Bullying is bad for your mental health, even if you are the bully

Clinicians and mental health researchers have long recognised that there is a link between traumatic experiences in childhood and symptoms of psychosis or non-clinical psychotic experiences presenting in adolescence or adulthood.

One type of traumatic experience is the experience of abuse, whether physical, emotional or social in nature.  When it comes to bullying, any or all of these may be involved.

Whilst many researchers have noticed that there appears to be a relationship between experience of psychotic symptoms and experiences of bullying, very few longitudinal studies have been carried out to investigate this further.  That is to say, very few studies have assessed whether or not someone is being bullied at one time point, and then followed them up years later to see whether that appears to have had an impact on their mental wellbeing at a later time in their lives.  There are even fewer longitudinal studies lasting past five years in length and which also control for pre-existing difficulties – in fact, to date, there’s just one (Wolke et al, 2013).


Wolke and colleagues used data from a bank of data previously collected from mothers and children involved in the Avon Longitudinal Study of Parents and Children (ALSPAC).  The participants for ALSPAC are made up of families who were living in Avon and expecting a child in 1991-1992.  Since this is a birth cohort (participants were only selected based on the birth date of the baby), it can be assumed to be a representative sample of families with young children throughout the UK because no other inclusion or exclusion criteria (e.g. medical history, questionnaire scores etc) were applied to the group.

The aim of the study was to use this data to look at the relationship between bullying experiences at primary-school age and psychotic experiences at age 18.

The researchers were particularly interested in whether this relationship was affected by:

Mothers' reports of the child's bullying status were also collected.

Mothers’ reports of the child’s bullying status were also collected.

  1. Depression or psychosis symptoms present in early adolescence (i.e. between ages 12 and 14)
  2. Pre-existing cognitive, emotional or behavioural problems
  3. Whether the person was the bully or the victim in their bullying experiences (or experienced both roles “bully/victim”)

To answer these questions, Wolke et al analysed data from 4,720 ALSPAC participants, in particular:

  • Their Psychosis-Like Symptoms Semi-Structured Interview (PLIKSi) scores at age 18 (where available N=4,646)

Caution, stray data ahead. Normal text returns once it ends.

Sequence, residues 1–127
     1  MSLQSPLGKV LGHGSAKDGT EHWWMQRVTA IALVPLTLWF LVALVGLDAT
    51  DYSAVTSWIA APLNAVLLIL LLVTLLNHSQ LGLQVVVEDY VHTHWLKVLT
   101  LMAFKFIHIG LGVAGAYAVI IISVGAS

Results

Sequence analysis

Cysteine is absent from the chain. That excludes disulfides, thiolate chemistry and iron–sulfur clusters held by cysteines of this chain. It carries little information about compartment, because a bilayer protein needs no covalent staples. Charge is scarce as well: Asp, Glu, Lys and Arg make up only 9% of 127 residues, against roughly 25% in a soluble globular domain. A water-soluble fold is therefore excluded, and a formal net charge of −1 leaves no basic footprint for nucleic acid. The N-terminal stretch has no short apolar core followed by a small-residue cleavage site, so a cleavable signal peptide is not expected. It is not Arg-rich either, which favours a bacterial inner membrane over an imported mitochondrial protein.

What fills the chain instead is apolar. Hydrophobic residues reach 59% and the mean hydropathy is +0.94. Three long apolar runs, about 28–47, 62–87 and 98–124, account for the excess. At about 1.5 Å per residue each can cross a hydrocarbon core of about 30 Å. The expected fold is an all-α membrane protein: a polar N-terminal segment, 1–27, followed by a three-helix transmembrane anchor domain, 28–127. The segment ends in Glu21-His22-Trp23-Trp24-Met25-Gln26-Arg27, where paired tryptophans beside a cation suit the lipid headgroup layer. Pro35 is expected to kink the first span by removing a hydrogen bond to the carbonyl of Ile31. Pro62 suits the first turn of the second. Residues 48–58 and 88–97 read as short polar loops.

• Their responses to the Bullying and Friendship Interview Schedule at 8 and 10 years old
  • Their mother’s response to the bullying questions in the Strengths and Difficulties Questionnaire (completed by the mothers when their children were 8, 9.5 and 11 years old).

To test the first question, the results of the PLIKSi and the Short Mood and Feelings Questionnaire completed at age 12 were analysed.

For the second, IQ scores and other measures were used to determine whether the participant could be considered as having pre-existing cognitive, emotional or behavioural problems or reaching criteria for a psychiatric diagnosis (e.g. oppositional defiant disorder).


Analysis included calculation of odds ratios, using a group of children not involved in any bullying role as a comparison group.  A path analysis was also performed.

After controlling for gender, co-morbid psychiatric diagnosis (at age 7), IQ, behavioural problems, and depression symptoms and psychotic experiences at age 12, Wolke et al found that:

The risk of psychotic experiences was found to be increased for both self-reported bullies and victims at age 8 and 10.

Bullies and victims had increased risk of psychosis

    • Children who reported themselves to be either victims or bullies at age 8 and age 10, and children who reported themselves to be “bully/victim”s at age 10 all had significantly increased risk of psychotic experiences at age 18:
      • Victim at age 8: Odds Ratio (Confidence Interval) = 1.62 (1.14 to 2.31)
      • Victim at age 10: OR (CI) = 2.37 (1.64 to 3.43)
      • Bully at age 8: OR (CI) = 4.51 (1.63 to 12.45)
      • Bully at age 10: OR (CI) = 4.85 (1.33 to 17.65)
      • Bully/victim at age 10: OR (CI) = 3.14 (1.71 to 5.75)
Victims who reported being bullied on numerous occasions had higher rates of psychosis

Victims who reported being bullied on numerous occasions had higher rates of psychosis

  • Children whose mothers reported them to be victims [OR (CI) = 1.61 (1.10 to 2.34)] or bully/victims [OR (CI) = 2.93 (1.73 to 4.96)] also had significantly increased risk
  • The odds ratio (OR) for having psychotic experiences at age 18 were higher if the victimisation was ‘stable’ (i.e. was reported at more than one time point) – but both stable and ‘unstable’ (one time point only) victimisation were associated with higher risk. This was true when assessing both mothers’ reports and children’s reports:
    • Stable victimisation according to child report: OR (CI) = 2.90 (1.84 to 4.58)